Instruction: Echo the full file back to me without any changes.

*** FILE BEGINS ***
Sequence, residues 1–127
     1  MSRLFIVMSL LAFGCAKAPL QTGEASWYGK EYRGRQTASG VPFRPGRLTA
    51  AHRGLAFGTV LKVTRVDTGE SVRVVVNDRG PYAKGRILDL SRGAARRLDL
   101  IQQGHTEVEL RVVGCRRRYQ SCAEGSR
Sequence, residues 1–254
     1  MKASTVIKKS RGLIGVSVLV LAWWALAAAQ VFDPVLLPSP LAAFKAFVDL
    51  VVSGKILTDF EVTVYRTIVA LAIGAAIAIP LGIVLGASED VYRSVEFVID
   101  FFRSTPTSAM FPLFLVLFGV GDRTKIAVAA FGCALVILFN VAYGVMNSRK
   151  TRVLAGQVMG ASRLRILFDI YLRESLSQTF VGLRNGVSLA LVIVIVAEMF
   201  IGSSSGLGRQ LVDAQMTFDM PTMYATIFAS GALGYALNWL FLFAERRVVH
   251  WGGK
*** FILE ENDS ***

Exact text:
Sequence, residues 1–127
     1  MSRLFIVMSL LAFGCAKAPL QTGEASWYGK EYRGRQTASG VPFRPGRLTA
    51  AHRGLAFGTV LKVTRVDTGE SVRVVVNDRG PYAKGRILDL SRGAARRLDL
   101  IQQGHTEVEL RVVGCRRRYQ SCAEGSR
Sequence, residues 1–254
     1  MKASTVIKKS RGLIGVSVLV LAWWALAAAQ VFDPVLLPSP LAAFKAFVDL
    51  VVSGKILTDF EVTVYRTIVA LAIGAAIAIP LGIVLGASED VYRSVEFVID
   101  FFRSTPTSAM FPLFLVLFGV GDRTKIAVAA FGCALVILFN VAYGVMNSRK
   151  TRVLAGQVMG ASRLRILFDI YLRESLSQTF VGLRNGVSLA LVIVIVAEMF
   201  IGSSSGLGRQ LVDAQMTFDM PTMYATIFAS GALGYALNWL FLFAERRVVH
   251  WGGK